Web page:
In 2021 the UCL library signed up for the institution wide UCL Sustainability Awards, an offshoot of the Green Impact programme. This demonstrates the library’s confidence in the success of measures put in place to improve sustainability.

It is comforting to know that in the context of a climate crisis, with 17 nominations, the library achieved 3 Bronze, 7 Silver and 7 Gold awards. 

With this level of confidence and ambition, it is incumbent upon us as students to recognise this progress and support the library’s endeavours to achieve even more Gold awards in future.

I asked the Chair of the Library Services Sustainability Committee, Benjamin Meunier, how he plans to build on this sustainable success in future:

“The new UCL strategy is currently out for consultation, members of the Library’s Sustainability Committee have been considering how we can make change possible as a department, and contribute positively to tackling the climate crisis and be an example for other university libraries…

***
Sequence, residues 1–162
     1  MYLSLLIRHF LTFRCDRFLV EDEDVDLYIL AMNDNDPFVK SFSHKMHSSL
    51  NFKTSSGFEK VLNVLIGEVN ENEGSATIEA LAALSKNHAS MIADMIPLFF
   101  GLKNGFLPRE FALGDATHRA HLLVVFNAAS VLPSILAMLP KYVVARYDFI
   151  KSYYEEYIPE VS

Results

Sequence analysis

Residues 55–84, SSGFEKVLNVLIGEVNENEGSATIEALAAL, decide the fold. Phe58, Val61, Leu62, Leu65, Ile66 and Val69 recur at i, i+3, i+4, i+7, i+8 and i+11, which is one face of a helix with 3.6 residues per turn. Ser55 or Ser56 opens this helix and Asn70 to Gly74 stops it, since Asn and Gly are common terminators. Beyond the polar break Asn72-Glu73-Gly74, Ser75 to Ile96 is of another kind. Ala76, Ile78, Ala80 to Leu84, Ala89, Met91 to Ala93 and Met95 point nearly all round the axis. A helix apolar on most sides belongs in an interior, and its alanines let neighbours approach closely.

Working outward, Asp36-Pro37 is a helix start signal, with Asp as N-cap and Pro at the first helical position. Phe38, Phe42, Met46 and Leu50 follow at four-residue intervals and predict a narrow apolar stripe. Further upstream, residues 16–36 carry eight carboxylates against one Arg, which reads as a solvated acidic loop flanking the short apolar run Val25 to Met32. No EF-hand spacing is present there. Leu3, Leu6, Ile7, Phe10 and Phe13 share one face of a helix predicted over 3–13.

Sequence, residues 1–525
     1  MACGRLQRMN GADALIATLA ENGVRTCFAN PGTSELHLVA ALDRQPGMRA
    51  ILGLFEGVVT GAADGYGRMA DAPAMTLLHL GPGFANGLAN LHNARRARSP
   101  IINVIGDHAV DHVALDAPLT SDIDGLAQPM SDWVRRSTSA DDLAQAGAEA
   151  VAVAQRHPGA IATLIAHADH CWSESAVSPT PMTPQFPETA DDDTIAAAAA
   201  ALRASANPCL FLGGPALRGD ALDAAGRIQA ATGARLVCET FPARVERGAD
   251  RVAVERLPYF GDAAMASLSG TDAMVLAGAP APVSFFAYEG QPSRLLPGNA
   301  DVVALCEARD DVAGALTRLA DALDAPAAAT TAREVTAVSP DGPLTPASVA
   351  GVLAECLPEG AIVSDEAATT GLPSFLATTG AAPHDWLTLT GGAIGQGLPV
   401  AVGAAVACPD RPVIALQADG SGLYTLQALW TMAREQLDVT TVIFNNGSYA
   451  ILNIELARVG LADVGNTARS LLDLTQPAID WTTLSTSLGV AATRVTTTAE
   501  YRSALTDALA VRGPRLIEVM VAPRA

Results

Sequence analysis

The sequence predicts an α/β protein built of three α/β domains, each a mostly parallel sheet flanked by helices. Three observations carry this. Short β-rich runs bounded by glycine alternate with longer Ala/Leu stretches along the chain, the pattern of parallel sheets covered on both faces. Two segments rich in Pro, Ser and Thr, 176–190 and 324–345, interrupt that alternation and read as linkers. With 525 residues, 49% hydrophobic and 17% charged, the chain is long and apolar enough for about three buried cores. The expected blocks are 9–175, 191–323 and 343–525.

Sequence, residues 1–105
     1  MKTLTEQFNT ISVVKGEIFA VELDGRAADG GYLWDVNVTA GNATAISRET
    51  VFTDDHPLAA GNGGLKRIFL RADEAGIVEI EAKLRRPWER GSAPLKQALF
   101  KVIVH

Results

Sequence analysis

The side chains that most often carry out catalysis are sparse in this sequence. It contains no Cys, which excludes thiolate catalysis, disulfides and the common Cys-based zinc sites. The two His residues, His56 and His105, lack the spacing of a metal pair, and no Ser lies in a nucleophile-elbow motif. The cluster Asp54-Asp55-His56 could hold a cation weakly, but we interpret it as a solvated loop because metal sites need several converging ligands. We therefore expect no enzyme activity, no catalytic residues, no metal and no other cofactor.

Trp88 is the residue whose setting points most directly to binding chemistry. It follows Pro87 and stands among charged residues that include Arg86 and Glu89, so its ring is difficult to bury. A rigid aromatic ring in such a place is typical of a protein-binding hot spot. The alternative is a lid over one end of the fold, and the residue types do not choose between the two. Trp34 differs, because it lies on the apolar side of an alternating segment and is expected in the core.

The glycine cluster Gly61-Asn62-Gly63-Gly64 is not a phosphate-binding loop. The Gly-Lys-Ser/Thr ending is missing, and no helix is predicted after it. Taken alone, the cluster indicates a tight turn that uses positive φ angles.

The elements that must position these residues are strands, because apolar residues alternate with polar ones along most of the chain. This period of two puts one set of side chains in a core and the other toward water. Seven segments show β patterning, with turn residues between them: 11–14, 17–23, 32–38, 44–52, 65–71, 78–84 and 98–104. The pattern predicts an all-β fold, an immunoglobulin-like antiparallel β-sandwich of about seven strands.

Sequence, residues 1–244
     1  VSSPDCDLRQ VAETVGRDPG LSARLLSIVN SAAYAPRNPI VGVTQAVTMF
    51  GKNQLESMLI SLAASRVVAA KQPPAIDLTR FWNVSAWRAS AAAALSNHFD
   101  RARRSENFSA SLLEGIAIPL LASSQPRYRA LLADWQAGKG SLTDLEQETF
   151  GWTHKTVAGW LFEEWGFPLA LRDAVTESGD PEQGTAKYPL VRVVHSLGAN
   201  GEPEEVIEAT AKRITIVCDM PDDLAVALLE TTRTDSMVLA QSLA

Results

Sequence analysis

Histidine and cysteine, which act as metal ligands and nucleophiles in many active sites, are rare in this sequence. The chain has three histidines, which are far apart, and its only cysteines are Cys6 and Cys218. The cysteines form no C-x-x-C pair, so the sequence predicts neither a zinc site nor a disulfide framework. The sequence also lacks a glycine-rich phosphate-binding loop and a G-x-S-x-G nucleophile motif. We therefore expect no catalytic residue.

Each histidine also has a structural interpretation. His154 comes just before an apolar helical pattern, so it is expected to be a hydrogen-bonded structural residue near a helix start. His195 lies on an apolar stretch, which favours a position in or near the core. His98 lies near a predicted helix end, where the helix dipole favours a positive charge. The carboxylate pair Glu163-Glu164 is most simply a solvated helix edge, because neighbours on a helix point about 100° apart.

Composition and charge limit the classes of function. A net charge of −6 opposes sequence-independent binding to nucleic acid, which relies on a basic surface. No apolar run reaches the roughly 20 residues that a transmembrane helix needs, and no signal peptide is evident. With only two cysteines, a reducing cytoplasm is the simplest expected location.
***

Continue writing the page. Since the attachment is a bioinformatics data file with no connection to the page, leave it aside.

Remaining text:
“…raising awareness amongst our users of how changes in behaviour can make a difference, as well as practical changes to how we operate, whether that is increasing the number of plants in our libraries, to support wellbeing and play a small part in making UCL “greener”, or working with UCL Estates to improve insulation and upgrade the fleet of vehicles which run between our stores and library sites.
“A number of library teams have hosted Student Ambassadors for sustainability initiatives and we are considering how we might enable this type of partnership with students in the longer term.”

Supporting research

With a heightened sense of climate consciousness amongst the student body and academic community, our library is rising to the challenge of recognising this interest by providing an interdisciplinary forum for the distribution of environment-related research.

To do this, the library is supporting a new open-access journal called UCL Open: Environment. This aims to bring together research across different disciplines and departments to improve the quality and diversity of environment-related research.